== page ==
Just thinking about what I’d seen the night before when Barcelona won the Copa Del Rey and said farewell to their manager Pep Guardiola.
Barca were unstoppable against Athletic Bilbao and had the game won in the first half.
All that was left was to say cheerio to their coach – who’d made it another trophy winning season in the end – and for the pot to be presented to skipper for the evening Xavi.
The Spanish midfielder signalled for injured club captain Carles Puyol.to come forward and share the moment – remember, this was the end of an era with Guardiola’s departure – but Puyol waved the request aside.
He hadn’t played and this was Xavi’s moment.
Cast your mind back a year ago to Wembley and the Champions League final, again when Puyol could have basked in the limelight after victory over Manchester United, picking up the silverware as was his right.
But no, Puyol shared the occasion with the fit-again Eric Abidal, who had just overcome a career-threatening kidney problem.
Puyol is everything you’d want a captain to be. Caring, sharing. An example to show children how sport should be done, especially when you are a leader.
What a contrast to the clown that was John Terry …
ESPN decided to broadcast it under the ticket “international football” – but really they should have done a quick rebrand, football’s equivalent of Don’t Watch Alone.
Actually for a Scotland fan, it would be more like don’t watch again.
The national side were outclassed, outplayed and out-performed by the USA, going down 5-1 in a friendly, bring to an end an instantly forgettable 2011/12 international campaign.
“A blip” was how one in-house SFA optimist saw it. The truth is that Scotland, at international level, are flat-lining. A blip would indeed be a positive sign …
Congratulations go to “Super” Dario Franchitti, who on Sunday night (UK-time) triumphed at the Brickyard for the third time to win yet another Indianapolis 500.
For the third time, the Scot took the chequered flag under yellow cautions flags, basically meaning he coasted to victory because of an incident on the track, this time when rival Takuma Sato spun into the wall.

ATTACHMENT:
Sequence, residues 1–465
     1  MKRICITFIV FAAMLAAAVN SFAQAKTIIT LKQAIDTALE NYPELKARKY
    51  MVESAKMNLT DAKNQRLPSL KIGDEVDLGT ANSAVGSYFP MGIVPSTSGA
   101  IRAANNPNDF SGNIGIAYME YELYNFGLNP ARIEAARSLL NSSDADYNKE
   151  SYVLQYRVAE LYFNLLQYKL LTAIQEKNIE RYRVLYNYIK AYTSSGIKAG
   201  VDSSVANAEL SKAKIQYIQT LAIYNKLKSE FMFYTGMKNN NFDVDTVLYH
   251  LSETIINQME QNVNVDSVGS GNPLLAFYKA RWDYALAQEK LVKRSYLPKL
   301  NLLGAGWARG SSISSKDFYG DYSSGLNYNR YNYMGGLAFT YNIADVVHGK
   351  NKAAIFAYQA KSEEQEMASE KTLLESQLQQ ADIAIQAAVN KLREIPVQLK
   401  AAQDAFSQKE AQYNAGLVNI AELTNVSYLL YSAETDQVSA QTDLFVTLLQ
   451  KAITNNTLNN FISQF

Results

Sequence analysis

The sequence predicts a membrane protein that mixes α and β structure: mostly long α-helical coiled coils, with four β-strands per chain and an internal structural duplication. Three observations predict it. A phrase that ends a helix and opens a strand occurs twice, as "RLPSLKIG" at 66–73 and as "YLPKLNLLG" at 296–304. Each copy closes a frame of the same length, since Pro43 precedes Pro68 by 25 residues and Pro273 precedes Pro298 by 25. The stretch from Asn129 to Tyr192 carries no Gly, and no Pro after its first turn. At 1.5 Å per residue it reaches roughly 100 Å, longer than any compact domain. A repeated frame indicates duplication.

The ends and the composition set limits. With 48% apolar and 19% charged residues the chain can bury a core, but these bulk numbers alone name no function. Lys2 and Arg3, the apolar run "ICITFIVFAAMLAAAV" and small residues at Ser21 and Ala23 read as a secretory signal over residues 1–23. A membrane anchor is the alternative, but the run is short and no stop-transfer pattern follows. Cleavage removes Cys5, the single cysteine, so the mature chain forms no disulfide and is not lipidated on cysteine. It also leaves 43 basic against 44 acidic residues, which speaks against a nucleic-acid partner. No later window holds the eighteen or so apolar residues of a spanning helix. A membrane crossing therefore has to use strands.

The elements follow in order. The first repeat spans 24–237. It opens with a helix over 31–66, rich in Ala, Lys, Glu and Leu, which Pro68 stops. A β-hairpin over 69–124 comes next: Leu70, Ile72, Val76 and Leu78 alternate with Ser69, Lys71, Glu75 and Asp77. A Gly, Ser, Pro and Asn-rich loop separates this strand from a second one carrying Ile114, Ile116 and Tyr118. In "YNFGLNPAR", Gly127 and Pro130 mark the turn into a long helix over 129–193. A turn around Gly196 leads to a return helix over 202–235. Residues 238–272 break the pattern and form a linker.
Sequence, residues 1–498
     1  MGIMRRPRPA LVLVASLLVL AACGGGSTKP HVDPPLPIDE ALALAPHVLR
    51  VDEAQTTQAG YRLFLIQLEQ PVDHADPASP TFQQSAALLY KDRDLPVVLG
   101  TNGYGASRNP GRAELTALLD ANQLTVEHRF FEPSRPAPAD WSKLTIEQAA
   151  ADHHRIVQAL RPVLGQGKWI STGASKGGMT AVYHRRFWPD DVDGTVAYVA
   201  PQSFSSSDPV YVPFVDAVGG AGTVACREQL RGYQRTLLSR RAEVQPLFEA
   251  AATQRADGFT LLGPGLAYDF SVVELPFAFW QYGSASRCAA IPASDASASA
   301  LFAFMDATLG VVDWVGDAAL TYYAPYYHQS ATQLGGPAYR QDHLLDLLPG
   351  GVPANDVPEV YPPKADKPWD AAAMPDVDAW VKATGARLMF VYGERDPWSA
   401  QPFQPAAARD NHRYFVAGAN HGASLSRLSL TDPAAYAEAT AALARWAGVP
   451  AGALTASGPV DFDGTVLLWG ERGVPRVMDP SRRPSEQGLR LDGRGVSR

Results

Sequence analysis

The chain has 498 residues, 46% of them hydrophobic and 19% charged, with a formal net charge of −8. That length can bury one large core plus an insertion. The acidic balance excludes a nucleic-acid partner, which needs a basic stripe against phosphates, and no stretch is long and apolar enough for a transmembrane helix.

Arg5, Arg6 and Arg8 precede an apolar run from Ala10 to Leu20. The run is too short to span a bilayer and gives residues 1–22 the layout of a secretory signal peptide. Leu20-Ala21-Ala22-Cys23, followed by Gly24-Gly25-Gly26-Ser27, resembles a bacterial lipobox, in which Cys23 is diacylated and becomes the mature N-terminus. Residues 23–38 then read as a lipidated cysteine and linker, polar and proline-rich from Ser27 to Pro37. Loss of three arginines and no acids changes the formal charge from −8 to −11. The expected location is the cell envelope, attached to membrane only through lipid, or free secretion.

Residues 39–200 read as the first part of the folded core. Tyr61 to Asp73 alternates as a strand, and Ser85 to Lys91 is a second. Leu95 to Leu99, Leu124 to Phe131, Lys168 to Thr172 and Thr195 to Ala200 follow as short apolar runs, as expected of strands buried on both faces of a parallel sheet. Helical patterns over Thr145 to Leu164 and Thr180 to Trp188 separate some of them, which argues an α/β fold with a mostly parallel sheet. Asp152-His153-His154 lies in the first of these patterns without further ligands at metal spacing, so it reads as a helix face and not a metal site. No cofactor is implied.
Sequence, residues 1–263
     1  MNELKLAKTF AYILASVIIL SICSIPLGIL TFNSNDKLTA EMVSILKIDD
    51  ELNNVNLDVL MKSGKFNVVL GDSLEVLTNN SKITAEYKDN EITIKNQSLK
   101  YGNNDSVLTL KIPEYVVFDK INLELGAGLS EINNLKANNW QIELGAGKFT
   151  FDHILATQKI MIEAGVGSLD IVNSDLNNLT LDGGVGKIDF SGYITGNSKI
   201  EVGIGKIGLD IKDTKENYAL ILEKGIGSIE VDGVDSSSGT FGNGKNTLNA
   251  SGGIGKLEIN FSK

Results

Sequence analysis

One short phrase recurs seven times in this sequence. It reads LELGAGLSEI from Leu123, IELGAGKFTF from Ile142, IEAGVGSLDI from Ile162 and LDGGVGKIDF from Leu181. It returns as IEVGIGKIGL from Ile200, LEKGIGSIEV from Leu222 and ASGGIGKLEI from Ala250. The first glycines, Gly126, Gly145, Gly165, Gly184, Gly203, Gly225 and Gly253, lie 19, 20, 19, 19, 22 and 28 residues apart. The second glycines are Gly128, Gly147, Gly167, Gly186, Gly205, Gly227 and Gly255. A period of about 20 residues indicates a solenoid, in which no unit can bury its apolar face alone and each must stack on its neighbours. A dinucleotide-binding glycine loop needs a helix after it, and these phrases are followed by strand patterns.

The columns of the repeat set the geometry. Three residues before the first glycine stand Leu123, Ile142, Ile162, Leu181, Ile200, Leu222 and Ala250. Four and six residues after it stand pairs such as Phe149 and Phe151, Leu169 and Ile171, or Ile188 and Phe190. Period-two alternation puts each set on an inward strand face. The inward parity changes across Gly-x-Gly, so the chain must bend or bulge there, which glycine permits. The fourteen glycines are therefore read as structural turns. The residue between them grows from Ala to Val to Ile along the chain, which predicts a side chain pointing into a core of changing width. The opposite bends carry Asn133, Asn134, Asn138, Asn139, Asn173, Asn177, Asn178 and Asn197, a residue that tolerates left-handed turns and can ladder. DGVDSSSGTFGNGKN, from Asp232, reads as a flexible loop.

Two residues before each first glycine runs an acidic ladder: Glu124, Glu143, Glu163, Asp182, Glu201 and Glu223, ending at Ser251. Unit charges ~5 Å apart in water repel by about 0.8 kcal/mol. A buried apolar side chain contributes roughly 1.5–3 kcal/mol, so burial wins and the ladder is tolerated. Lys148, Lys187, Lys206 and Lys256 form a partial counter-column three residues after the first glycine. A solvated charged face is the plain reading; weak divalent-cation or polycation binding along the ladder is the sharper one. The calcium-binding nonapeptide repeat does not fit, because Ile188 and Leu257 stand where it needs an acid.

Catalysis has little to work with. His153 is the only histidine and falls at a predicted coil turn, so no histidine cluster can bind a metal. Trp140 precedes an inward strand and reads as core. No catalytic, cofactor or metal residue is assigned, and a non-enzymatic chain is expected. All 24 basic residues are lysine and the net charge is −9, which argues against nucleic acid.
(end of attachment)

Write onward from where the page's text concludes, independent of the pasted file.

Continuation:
Monday’s media in Scotland reported Dario’s success, one presenter saying that the Scot didn’t celebrate by spraying champagne, but by drinking milk.
There was a certain level of incredulity in his voice, as if to say what a strange way for anyone to celebrate. Except, it’s the manner in which every Indy 500 winning driver toasts his win. Some people know sport. Others seem to have been introduced to it a few hours before broadcast …
Rangers are successful in the Court of Session action to have the SFA’s 12-month transfer embargo lifted. A success for the Ibrox club, one of few in the last five months.
Of course, given the legal heavyweights the SFA had co-opted, hired, rented, invited and pressed into making this decision, both first time around and on the appeal, you would have thought they would have had a copper-bottomed, iron-clad, bomb-proof case.
Except they didn’t. Instead of Rangers, it was the SFA who stood accused of basically making the rules up as they went along. Some people would resign from office if they oversaw such a debacle.
Instead of throwing their hands up a Rangers cheek, it might serve the SFA members better to look at their own dealings in football and decide if those steering the ship have any idea where they are going.
Stewart Gilmour, the St Mirren chairman is one of those outraged at Rangers audacity in taking the SFA to court over their, eh, illegal actions.
Gilmour was speaking after the SPL’s latest meeting to decide what none of them want to decide, namely what punishment might befall Rangers, now, or if they become a NewCo. I love the way so many of these people have different hats for different days, or should that be blazers and ties.
Gilmour was angry, saying Rangers had no right to challenge the SFA in court and was worried about what sanctions may now be set against the SFA by FIFA.
FIFA frown upon clubs taking local governing authorities to court, particularly when proving the inadequacies of that local governing authority.
Gilmour and other coffee club members are worried that FIFA might strike down on high on Scotland, taking sanctions that may even include banning us from international competition, like the World Cup. What a waste of time that would be for Mr Blatter, when the Scots have been capable of doing that themselves for the last four such tournaments.
Not for the squeamish, or those of a nervous disposition. This is a gruesome tale. But it’s worth reading for a fantastic coincidence buried (no pun intended) within the story.
And the managerial merry-go-round spins into hyper-mode with Brendan Rodgers taking over at Liverpool, Paul Lambert tipped for Aston Villa, even Hamilton Accies manager Billy Reid linked with a move to Swansea as the No 2 there should Graeme Jones leave his post to take over the role previously filled by Rodgers.
All very confusing.
The amazing thing is, that despite all the moves, departures and re-shuffles, there still appears to be jobs for all the boys somewhere in football. If you don’t get to play on the roundabout, then there is always the swings.
There is no other industry like football where, regardless of the candidates mediocrity, they will still appear better than who some clubs already have in charge …